He’s armed with a low-90s fastball that he can move a bit. It plays up in relief, but he has plenty of velo for the rotation. His money pitch is a low-to-mid-80s slider. He gets good depth and tilt on it, allowing it to be a legitimate swing-and-miss pitch. He also has a curveball and changeup that are fringe-average right now. If he’s able to develop one of them a bit further, he could be a lock for the rotation. If he can’t, it might ultimately land him in the bullpen. But make no mistake: his first two pitches are legit offerings.
Sborz has a little deception in his delivery that helps his pitches play up a little. He works from a modified wind-up/stretch as a starter. He stands on the first base side of the rubber with his toes pointed at the third base-side on-deck circle. He drops his hands from chest-level as he begins his delivery. He steps back with his left foot and his right foot actually comes off the rubber just before bringing his left foot back toward third base. His leg kick his high and he drops and drives off his back leg. His front foot lands pointing directly at the catcher. He doesn’t bend his back much as he delivers his pitches, which puts a bit of stress on his arm. He could do well to incorporate his lower-half a little more, but he’s basically the pitcher he’s going to be at this point. He delivers his pitches from a high-three-quarters arm slot.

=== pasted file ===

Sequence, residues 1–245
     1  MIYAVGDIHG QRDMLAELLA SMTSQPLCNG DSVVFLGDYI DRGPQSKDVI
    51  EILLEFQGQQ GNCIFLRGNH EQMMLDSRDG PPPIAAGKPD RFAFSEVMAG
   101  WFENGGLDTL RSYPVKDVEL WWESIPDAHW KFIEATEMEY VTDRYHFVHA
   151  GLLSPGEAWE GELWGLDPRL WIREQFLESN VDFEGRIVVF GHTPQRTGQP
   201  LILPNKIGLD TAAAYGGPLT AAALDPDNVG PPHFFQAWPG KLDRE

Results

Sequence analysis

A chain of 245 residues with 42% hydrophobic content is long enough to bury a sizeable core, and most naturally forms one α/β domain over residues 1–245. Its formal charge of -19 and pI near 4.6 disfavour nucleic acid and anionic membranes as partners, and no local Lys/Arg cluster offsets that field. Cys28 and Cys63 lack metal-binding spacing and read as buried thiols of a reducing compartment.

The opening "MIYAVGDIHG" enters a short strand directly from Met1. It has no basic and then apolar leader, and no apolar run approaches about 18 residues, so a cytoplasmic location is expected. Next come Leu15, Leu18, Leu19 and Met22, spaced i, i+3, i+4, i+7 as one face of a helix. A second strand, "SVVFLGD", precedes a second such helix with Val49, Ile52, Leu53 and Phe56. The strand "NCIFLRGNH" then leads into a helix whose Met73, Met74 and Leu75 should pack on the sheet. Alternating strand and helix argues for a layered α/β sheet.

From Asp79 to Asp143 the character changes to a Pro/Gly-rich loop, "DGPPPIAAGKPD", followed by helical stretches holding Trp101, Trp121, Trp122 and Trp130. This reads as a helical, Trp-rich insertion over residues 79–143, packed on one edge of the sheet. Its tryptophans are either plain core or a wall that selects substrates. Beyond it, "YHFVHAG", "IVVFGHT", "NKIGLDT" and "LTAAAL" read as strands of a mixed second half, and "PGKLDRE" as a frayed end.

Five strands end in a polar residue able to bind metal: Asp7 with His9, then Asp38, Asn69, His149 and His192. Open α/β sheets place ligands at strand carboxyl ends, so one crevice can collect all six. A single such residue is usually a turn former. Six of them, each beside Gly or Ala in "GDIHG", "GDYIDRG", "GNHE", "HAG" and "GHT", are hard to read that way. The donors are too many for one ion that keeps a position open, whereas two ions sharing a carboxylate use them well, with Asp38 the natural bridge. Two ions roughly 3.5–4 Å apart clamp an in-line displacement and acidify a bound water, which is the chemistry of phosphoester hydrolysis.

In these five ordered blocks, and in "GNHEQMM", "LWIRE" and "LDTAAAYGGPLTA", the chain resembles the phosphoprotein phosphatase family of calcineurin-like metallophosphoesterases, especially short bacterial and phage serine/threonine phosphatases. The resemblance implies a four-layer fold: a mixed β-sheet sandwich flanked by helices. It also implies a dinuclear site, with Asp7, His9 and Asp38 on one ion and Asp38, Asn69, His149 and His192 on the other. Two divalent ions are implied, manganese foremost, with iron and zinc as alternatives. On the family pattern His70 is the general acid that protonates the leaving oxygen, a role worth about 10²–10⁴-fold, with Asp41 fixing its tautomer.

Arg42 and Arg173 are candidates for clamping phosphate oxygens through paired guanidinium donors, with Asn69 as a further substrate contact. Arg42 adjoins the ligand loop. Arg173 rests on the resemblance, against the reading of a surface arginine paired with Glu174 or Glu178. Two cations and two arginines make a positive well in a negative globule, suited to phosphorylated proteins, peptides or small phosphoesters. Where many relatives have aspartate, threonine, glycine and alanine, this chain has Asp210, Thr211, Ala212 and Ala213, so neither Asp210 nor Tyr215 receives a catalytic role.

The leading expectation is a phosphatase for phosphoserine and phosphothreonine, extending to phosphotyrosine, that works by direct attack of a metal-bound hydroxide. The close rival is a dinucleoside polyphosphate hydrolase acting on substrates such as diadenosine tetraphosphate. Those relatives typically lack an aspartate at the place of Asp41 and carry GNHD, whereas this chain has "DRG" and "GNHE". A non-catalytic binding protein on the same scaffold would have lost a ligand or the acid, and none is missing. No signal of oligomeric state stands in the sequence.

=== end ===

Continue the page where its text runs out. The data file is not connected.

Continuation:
As a rotation guy, Sborz could be a No. 3 starter if everything goes the right way. Realistically, he’s a back-of-the-rotation guy. If he pitches out of the bullpen, he could be a late-inning reliever if his fastball velo ticks up a bit. The slider plays out of the bullpen and he wouldn’t need the curve or changeup if he’s a reliever. He could also be a multiple-inning reliever, if need be. He logged just 16 2/3 innings in Tulsa, so a return there wouldn’t be at all surprising. He should get to Oklahoma City at some point and has an outside chance of making it to LA. If he doesn’t this year, he definitely will next year.
2016 rank: 27
2017 location: Double-A Tulsa/Triple-A Oklahoma City
11. 2B/SS Omar Estevez (5’10, 168 pounds, 19 years old)